Center for Biological Diversity

Protecting endangered species and wild places of western North America
and the Pacific through science, policy, education, and environmental law.

July 5, 2001


Petition demonstrates that the species merits immediate emergency listing.

Contact: Kassie Siegel (510) 841-0812
More Information: California Tiger Salamander, Amphibians, Goldenstate Biodiversity Initiative

July 5, 2001, the Center for Biological Diversity ("Center") filed a listing petition under the California Endangered Species Act ("CESA") for the California tiger salamander. The petition demonstrates that the species warrants immediate listing as an endangered species and that the California Fish & Game Commission should act promptly protect the species.

The California tiger salamander (Ambystoma californiense) was historically distributed throughout most of the Central Valley, adjacent foothills, Coast Ranges, and the Santa Rosa Plain in Sonoma County. This amphibian requires seasonal ponds, or vernal pools, for successful breeding. The species breeds during the winter rainy season, but spends the majority of the year in underground refuges, primarily abandoned rodent burrows, in grassland or oak woodland habitat.

The primary reason for the decline of the species and the current threat to its continued survival is habitat destruction due to urban and agricultural development. The habitat types the California tiger salamander requires, vernal pools, grasslands, and oak woodlands, are some of the most endangered habitat types in California. It has been estimated that less than one tenth of one percent of California's native grasslands remain, and approximately 95% of California's vernal pool landscape has already been lost. Available habitat for the species throughout its range has been eliminated in recent decades by at least 75%. The core area for the species is the Livermore Valley area in the East Bay, which has undergone explosive urban development in recent years.

The California tiger salamander is also threatened by other factors such as habitat fragmentation, road mortality, introduced species, and agricultural contaminants. Major projects that threaten the species include the proposed Los Vaqueros Reservoir expansion, the proposed U.C. Merced Campus at the Lake Yosemite site outside of Merced, and the South Sonoma Business Park in Cotati.

"The Fish & Game Commission should act immediately to protect the California tiger salamander," said Kassie Siegel, Associate Attorney with the Center for Biological Diversity and the primary author of the Petition. "This species is a major part of California's precious natural heritage. Its last remaining habitat should not be sacrificed to make room for yet another strip mall or sprawling residential development."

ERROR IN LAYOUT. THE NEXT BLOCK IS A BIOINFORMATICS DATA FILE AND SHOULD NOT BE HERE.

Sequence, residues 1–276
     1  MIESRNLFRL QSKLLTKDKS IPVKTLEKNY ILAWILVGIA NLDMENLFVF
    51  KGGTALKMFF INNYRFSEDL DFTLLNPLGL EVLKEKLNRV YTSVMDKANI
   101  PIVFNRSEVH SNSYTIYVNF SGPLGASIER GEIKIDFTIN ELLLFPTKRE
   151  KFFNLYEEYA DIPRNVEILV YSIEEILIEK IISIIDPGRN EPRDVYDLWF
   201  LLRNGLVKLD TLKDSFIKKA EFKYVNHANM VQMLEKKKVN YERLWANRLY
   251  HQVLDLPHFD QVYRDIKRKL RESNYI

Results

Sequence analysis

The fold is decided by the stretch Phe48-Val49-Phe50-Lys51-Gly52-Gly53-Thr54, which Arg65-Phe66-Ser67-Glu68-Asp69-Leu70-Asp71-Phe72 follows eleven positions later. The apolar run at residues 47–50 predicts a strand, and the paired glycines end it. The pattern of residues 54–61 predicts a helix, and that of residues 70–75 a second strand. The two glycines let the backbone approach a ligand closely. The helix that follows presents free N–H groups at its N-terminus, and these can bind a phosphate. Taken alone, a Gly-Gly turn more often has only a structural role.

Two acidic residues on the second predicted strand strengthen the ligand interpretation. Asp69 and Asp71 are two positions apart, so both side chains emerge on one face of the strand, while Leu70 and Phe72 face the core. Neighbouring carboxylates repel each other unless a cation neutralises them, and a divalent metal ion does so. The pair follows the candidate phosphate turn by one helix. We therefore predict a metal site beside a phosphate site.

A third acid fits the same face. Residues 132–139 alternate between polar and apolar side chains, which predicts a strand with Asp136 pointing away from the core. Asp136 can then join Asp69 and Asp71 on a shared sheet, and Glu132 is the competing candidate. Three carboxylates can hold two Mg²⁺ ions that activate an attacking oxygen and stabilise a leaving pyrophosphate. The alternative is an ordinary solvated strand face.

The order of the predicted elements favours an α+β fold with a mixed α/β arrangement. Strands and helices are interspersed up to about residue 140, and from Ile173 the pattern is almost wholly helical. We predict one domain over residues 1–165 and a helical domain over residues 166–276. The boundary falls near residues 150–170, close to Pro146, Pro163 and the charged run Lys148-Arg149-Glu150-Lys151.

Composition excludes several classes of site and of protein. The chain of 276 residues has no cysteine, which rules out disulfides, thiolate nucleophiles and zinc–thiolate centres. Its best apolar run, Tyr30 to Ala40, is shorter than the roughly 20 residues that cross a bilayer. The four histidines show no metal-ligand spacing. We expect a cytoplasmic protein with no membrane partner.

Most recently, the Center petitioned the U.S. Fish & Wildlife Service to list the Sonoma County population of the California tiger salamander under the federal Endangered Species Act on an emergency basis as a distinct population segment, or "DPS." Last year, the U.S. Fish & Wildlife Service listed the Santa Barbara population of the California tiger salamander on an emergency basis as a DPS. The species statewide has been listed as "Warranted but Precluded" by the U.S. Fish & Wildlife since 1994, a designation meaning that the species should be listed but that the agency is precluded from doing so by its refusal to request sufficient funds from Congress to run the listing program.

The Petition for listing as an endangered species under CESA was submitted today to the California Fish & Game Commission. Under state law, the Commission must refer the Petition to the Department of Fish and Game ("CDFG") for a finding as to whether the listing is warranted. CDFG must make a recommendation within 90 days of receipt of the petition, and the Fish & Game Commission will make the final determination shortly thereafter. Because the species faces a significant threat to its continued survival, particularly in Sonoma County, the Center has requested the Fish and Game Commission to exercise its discretion to adopt an emergency regulation to protect the species immediately.

"We are hopeful that the Fish and Game Commission will act promptly," said Kassie Siegel. "The biological case for listing this species could not be any more clear."

The Center for Biological Diversity has approximately 6000 members throughout California and the west and is dedicated to the preservation of native species and the ecosystems upon which they depend.

A Photo and further information regarding California tiger salamander is available online at


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